Adenosine-induced bronchoconstriction in an allergic rabbit model: Antagonism by theophylline aerosol
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Recently, there has been an increasing interest in the involvement of adenosine as a mediator of allergic asthma. In the present study, we have employed an allergic rabbit model to study the airway responses to adenosine. The rabbit litter mates were injected i.p., within 24 h of birth, with ragweed pollen extract to preferentially produce ragweed-specific IgE. This allergic rabbit model demonstrates many clinical features of asthma similar to human allergic asthma. Aerosolized adenosine (0.156–10 mg/ml) caused a concentration-dependent bronchoconstriction. The normal rabbits (non-immunized) did not respond to adenosine within that concentration range. Theophylline significantly inhibited the adenosine-induced bronchoconstriction. These early studies suggest that adenosine differentiated asthmatic airways from normal airways and adenosine-induced bronchoconstriction in this model was mediated through specific cell surface receptor(s).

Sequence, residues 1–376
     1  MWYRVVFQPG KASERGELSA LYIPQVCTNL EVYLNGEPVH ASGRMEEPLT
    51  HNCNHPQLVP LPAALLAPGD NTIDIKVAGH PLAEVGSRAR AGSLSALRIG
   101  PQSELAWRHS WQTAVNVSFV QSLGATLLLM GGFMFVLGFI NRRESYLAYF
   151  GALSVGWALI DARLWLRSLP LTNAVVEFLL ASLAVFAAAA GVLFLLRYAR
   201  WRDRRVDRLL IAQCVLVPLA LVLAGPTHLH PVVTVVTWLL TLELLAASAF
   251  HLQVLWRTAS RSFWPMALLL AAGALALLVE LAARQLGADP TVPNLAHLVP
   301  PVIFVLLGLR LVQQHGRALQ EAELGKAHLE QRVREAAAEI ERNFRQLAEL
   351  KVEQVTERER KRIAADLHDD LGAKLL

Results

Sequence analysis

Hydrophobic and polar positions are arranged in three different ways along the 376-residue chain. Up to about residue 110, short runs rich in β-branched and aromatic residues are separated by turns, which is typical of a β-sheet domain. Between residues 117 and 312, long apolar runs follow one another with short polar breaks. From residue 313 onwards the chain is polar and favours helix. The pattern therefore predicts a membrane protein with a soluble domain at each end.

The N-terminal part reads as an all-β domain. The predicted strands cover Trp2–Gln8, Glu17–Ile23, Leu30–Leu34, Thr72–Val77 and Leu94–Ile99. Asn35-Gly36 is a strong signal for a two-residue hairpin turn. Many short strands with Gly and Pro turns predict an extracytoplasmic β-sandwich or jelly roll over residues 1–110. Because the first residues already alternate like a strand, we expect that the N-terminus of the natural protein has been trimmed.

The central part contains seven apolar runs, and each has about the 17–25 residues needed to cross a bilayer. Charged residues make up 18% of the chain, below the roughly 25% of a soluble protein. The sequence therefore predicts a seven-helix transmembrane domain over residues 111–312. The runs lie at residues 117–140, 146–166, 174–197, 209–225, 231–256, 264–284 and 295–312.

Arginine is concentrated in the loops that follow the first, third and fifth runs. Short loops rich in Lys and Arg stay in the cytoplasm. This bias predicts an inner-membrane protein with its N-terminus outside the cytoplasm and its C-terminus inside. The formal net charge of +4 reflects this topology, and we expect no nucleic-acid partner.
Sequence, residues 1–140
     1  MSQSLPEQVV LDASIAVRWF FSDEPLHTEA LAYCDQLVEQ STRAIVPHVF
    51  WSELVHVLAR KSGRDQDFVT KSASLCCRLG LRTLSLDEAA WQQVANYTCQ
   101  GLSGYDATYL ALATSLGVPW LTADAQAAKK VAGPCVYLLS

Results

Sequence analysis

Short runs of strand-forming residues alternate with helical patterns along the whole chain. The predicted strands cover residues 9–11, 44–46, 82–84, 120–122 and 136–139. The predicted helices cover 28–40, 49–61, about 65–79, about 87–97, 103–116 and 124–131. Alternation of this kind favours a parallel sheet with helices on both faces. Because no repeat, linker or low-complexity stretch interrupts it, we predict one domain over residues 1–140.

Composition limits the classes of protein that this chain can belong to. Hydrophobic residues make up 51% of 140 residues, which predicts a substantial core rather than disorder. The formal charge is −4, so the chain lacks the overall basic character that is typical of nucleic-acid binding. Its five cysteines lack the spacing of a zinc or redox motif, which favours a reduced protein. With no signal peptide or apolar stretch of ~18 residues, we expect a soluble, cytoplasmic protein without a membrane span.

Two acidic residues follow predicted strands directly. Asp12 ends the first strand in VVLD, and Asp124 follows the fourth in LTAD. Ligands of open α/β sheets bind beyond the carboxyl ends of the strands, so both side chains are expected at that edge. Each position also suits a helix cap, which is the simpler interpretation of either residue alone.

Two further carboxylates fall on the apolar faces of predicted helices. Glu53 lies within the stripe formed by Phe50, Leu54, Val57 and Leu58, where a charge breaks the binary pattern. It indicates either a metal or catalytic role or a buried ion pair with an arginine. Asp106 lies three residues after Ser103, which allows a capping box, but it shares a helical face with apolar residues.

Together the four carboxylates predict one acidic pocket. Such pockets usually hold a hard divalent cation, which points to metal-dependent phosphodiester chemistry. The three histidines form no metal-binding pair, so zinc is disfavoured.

KeywordsAsthma Cell Surface Adenosine Specific Cell Theophylline
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